The author does an absolutely marvelous job in this story showing – through Lian, Shao, and Sparrow – the rich scholarly heritage of China while acknowledging that the system which gave rise to such refinement also repressed hundreds of thousands. The Chinese love of education and learning serves as a wonderful bridge between the past and present and is also used to tie the mythical beings of the tale to the mortal lives they have touched and influenced. As the Library passes through over a thousand miles of China, the spirits of water, air, and earth are awakened by its presence. They are able to hear the Queen’s message from a member of the convoy, a star hiding in human form, and be advised to return to their own kingdom.

Ms. Chang uses the march not only to highlight unique Chinese cultural aspects but to help the characters learn some deep personal lessons. Lian, so long closed off from human contact by the secrets she carries, discovers how to love not just Shao but the other students and teachers around her. She becomes a fierce warrior for those she cares about while still retaining her quiet reserve. Shao recognizes the privilege he has been born into and starts to give serious, sincere thought to the best way to bring modernization and equality to a nation desperately in need of it. I loved that their romance fit the time and place they are in; it’s sweet but cautious, careful of family and tradition but not allowing itself to be encumbered over much by antiquated customs and parental expectations.

I also adored Sparrow, the young maid. Her unconditional love, humility and kindness to those around her really showcases that caring means putting the other person’s needs first. She learns her own lessons of patience and trust and friendship as the march moves slowly across the country.

The author has a lyrical, elegant style of writing which lends itself to a deceptively languorous, mellow momentum, allowing for contemplation amidst a lot of action. The story’s seemingly leisurely pace is a soothing foil for the great deal that is actually happening – from the war, to a murder amidst political intrigue, to the exodus of the gods, to the primary romance and the secondary, overarching love story surrounding it, along with the personal trials of Lian and Shao’s families and the dangers of the march. The author, focusing the attention completely on her characters, emphasizes the underlying theme that each large event is really about the people that take part in it. This focus on the players over the thrilling plot is what gives the novel a gentle, thoughtful feel rather than the typical frantic measure that a story this fast moving generally evokes.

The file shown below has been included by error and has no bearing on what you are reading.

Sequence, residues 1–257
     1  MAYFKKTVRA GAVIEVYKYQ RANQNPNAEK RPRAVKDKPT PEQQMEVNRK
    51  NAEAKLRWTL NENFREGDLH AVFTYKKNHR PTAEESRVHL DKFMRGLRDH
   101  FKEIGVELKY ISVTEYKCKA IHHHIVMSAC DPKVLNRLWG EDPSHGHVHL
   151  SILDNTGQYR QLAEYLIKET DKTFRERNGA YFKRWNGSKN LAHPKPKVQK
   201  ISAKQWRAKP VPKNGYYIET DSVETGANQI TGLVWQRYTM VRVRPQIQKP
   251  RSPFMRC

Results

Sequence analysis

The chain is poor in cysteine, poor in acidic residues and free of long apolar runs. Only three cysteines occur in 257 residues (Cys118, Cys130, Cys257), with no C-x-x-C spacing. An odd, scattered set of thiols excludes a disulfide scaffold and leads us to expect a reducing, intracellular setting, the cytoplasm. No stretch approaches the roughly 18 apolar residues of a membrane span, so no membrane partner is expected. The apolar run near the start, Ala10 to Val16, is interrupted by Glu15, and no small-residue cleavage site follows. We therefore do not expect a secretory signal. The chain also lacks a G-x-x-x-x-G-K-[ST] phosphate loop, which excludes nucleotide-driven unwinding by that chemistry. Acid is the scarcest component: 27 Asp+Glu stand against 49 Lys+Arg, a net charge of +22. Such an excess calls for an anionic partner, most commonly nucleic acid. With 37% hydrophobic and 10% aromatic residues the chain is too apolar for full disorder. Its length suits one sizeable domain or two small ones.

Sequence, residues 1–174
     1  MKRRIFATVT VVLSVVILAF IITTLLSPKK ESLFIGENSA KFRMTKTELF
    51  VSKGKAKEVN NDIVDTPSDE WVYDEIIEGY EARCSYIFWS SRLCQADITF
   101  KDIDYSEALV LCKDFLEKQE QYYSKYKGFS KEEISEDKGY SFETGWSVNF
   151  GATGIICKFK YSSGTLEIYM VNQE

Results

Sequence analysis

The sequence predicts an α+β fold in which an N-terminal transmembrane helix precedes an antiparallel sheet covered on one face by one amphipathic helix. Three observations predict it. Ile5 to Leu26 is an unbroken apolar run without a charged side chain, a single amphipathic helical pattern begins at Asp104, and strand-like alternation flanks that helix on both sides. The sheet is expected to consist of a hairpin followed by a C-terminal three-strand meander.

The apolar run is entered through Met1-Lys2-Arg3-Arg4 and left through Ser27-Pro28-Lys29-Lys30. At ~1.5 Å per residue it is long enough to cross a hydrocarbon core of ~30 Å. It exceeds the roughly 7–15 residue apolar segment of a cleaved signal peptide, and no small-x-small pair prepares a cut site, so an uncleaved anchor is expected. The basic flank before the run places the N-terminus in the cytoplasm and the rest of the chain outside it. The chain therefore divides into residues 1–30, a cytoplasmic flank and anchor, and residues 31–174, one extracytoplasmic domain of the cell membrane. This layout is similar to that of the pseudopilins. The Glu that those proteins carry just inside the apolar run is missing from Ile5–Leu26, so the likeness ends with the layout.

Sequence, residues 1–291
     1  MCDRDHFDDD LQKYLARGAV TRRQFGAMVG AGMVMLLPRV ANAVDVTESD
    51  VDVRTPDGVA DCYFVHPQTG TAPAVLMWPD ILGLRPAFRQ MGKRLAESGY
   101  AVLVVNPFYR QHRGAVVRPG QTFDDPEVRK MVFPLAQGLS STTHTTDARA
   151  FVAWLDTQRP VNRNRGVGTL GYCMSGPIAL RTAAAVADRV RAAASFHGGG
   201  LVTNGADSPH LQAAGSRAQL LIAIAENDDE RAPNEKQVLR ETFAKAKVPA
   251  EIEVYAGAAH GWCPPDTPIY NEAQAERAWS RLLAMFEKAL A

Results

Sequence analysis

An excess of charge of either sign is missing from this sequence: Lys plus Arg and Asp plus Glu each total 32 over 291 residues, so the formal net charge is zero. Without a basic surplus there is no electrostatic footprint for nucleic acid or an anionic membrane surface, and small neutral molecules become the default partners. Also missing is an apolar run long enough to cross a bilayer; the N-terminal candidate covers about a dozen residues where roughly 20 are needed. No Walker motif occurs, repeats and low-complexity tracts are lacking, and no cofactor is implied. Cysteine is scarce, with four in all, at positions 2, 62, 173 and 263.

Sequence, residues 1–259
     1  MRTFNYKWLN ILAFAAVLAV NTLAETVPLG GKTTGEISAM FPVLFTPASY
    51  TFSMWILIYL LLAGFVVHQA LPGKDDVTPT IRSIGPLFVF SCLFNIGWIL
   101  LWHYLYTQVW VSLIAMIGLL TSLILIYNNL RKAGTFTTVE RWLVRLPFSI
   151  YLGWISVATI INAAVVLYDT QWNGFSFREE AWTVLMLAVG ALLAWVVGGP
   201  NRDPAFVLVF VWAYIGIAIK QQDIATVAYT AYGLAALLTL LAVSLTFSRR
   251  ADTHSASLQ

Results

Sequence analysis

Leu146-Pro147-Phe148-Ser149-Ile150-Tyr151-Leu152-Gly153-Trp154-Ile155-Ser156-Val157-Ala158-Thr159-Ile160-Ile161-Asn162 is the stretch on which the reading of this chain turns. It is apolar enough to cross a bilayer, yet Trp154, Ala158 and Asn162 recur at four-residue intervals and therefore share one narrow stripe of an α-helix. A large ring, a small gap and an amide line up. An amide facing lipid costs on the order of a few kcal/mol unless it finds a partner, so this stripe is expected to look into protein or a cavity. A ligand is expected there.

The Library of Legends is a lovely look at ancient legends and the wonderful power of mythology as well as a celebration of a country with a rich and fascinating history.  I would recommend it to anyone looking for a beautifully written, contemplative read.

Buy it at: Amazon : Audible : your local independent bookstore

Visit our Amazon Storefront



Reviewed by Maggie Boyd

Grade: A-

Book Type: Women's Fiction

Sensuality: Kisses

Review Date : May 15, 2020

Publication Date: 05/2020

Review Tags: AoC China PoC World War II

Recent Comments …

  1. This author (Judith Ivory) used to appear frequently in “best of” lists for historical romance; and it seems that this…

Maggie Boyd

I've been an avid reader since 2nd grade and discovered romance when my cousin lent me Lord of La Pampa by Kay Thorpe in 7th grade. I currently read approximately 150 books a year, comprised of a mix of Young Adult, romance, mystery, women's fiction, and science fiction/fantasy.
Notify of

Inline Feedbacks
View all comments